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Review: Abandoned in Place

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Abandoned in Place: Preserving America’s Space History
by Roland Miller
Univ. of New Mexico Press, 2016
hardcover, 176 pp., illus.
ISBN 978-0-8263-5625-3

The fate of space hardware, and perceptions of neglect, have been hot topics in this publication recently. In one essay, Anthony French argued that the US has not done enough to protect artifacts, including abandoned launch infrastructure at Cape Canaveral left “rotting among the Florida foliage” (see “Preserving our space heritage”, The Space Review, February 8, 2016). In a response, Dwayne Day strongly disagreed, noting the efforts to prioritize hardware that should be preserved, and then making major efforts to protect them (see “Remembrance of things past”, The Space Review, February 22, 2016).

Adding its voice and, more importantly, its photos to the discussion is the new book Abandoned in Place. Author and photographer Roland Miller uses the notice stamped on abandoned infrastructure at Cape Canaveral—most famously Launch Complex 34, the site of the Apollo 1 accident—as the title of the book, which examines some of the defunct facilities at the Cape and elsewhere once used in the early Space Age.

“Nature has a way of reminding us of her relentless capability to reclaim these launch pads,” he writes.

A major focus of the book is the decay of launch sites at the Cape after NASA or the Air Force decommissioned them. Particularly powerful is a pair of photos taken of the erector at Launch Complex 19, used by the Titan II during the Gemini program. The first, taken in 1991, shows the erector resting on its side, showing some rust and fading paint but otherwise looking mostly intact. The second photo, taken in 2005 from the same angle, shows much greater degradation, with pieces falling apart. (The “white room” at the end of the erector, used by astronauts to access the Gemini capsule, was removed between the two photos for restoration and display in a local museum.) The erector has since been demolished.

Such decline, he notes, is inevitable in an environment like the Cape. “Nature has a way of reminding us of her relentless capability to reclaim these launch pads,” he writes in an earlier chapter about a visit to another decommissioned launch site there. “Cape Canaveral’s abandoned sites require a consistent effort of landscape maintenance to hold back the relentless growth of Florida’s flora.”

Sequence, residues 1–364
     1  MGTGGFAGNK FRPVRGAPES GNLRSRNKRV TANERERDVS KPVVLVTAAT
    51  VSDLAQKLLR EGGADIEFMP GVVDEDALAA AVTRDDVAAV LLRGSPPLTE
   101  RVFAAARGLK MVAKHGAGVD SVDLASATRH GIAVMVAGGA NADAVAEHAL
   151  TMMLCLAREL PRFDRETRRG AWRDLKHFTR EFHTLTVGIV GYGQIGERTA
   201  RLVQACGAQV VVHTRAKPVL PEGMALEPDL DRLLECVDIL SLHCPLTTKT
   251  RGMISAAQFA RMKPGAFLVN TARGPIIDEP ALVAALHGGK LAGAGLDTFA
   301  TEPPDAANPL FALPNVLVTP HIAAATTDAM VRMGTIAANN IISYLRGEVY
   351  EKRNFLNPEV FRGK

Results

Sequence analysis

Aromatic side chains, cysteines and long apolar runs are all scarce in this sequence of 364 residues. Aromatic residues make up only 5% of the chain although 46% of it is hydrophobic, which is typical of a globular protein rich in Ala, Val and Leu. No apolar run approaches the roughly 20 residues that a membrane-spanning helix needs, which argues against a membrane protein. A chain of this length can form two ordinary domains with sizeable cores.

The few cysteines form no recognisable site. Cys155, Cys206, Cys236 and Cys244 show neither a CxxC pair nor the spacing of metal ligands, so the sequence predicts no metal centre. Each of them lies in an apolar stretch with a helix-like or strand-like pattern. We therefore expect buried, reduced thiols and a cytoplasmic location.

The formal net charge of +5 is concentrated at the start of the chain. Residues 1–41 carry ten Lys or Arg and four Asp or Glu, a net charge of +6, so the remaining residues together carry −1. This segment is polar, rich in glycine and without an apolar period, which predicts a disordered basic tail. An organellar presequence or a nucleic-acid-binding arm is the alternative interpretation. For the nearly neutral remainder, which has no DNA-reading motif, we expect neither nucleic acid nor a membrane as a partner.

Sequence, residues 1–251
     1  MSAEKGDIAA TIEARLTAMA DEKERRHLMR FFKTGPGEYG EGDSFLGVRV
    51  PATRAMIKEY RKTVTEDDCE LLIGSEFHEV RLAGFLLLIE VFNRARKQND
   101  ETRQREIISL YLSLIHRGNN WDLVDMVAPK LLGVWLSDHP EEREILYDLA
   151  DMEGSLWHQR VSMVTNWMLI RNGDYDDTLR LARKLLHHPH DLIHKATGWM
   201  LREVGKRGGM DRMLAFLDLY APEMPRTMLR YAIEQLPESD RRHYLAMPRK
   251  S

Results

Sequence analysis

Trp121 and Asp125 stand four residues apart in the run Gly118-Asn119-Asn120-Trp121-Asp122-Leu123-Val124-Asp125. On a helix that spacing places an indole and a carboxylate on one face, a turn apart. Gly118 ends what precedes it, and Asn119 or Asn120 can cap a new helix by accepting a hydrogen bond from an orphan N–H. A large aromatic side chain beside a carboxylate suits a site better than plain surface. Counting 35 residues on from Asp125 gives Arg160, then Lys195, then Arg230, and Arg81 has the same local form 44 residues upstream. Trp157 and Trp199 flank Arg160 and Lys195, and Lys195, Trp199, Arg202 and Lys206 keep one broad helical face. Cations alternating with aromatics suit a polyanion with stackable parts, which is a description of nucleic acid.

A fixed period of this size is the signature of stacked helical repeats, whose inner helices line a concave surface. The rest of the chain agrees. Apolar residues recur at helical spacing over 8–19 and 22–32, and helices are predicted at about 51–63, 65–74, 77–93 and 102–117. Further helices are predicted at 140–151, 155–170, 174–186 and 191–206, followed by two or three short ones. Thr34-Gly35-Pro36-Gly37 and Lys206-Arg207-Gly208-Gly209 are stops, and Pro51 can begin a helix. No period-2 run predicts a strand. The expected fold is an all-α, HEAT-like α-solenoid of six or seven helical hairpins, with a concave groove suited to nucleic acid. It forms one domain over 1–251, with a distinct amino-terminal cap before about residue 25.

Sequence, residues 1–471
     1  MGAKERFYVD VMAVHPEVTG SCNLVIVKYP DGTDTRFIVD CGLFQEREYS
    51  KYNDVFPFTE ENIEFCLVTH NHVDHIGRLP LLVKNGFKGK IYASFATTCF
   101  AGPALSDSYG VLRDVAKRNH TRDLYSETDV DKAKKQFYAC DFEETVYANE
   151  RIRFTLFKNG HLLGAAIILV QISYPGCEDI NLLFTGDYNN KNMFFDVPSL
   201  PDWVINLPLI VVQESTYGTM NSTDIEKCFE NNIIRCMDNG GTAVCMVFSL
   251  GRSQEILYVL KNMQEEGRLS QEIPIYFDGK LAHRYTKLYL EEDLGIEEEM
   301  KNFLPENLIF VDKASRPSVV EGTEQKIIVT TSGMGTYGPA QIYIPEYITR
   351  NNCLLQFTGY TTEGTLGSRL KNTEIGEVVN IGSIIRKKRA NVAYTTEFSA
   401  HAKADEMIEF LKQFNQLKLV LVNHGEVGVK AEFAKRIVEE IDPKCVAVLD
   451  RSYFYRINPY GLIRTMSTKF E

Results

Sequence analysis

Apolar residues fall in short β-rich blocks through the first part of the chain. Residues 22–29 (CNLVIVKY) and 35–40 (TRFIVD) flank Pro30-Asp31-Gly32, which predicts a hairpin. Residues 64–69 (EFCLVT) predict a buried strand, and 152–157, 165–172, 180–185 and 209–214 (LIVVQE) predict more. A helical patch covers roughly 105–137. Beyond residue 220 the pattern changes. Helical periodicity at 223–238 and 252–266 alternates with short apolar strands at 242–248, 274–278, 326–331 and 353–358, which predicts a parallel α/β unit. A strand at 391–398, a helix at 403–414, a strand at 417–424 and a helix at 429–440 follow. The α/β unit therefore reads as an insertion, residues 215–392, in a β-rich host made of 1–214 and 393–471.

The procession of images of decaying launch pads and equipment can be depressing, but there are some bright spots. A chapter on Launch Complexes 40 and 41, developed in the 1960s, notes that these facilities have found new life as sites for SpaceX’s Falcon 9 and United Launch Alliance’s Atlas V, respectively. Miller also recalls visiting test stands and making sure, when asking his escort for access to a higher level of the facility, to do so in earshot of NASA employees. “The inevitably interrupt and say, ‘Oh sure, you folks can go up to that level, but you should really see the very top level,’” he said. “I know that the workers will intervene, because I have never met a NASA employee who did not relish his or her job and the amazing facilities and fantastic technology with which the employees work.”

The collection of photos have only basic captions indicating the location and date, which at times can be a little disappointing when you want to learn more about what is being shown and how it got into that condition. Some of that information is provided in the book’s chapters, which also include guest contributions by several other people. Veteran space journalist Craig Covault writes about Complexes 40 and 41, former astronaut Pam Melroy recalls her visits to Complex 34, and space archaeologist Beth Laura O’Leary discusses preserving artifacts left from the Apollo missions to the Moon.

Plenty of space artifacts here on Earth are preserved for future generations in museums around the world. Preserving those artifacts left outside, like launch sites, is harder: that “consistent effort of landscape maintenance” needed at the Cape comes at a price that can be hard to pay for when budgets are tight and current programs and facilities are a higher priority. For those that can’t be physically preserved, the photos in Abandoned in Place help preserve their memories as nature reclaims their materials.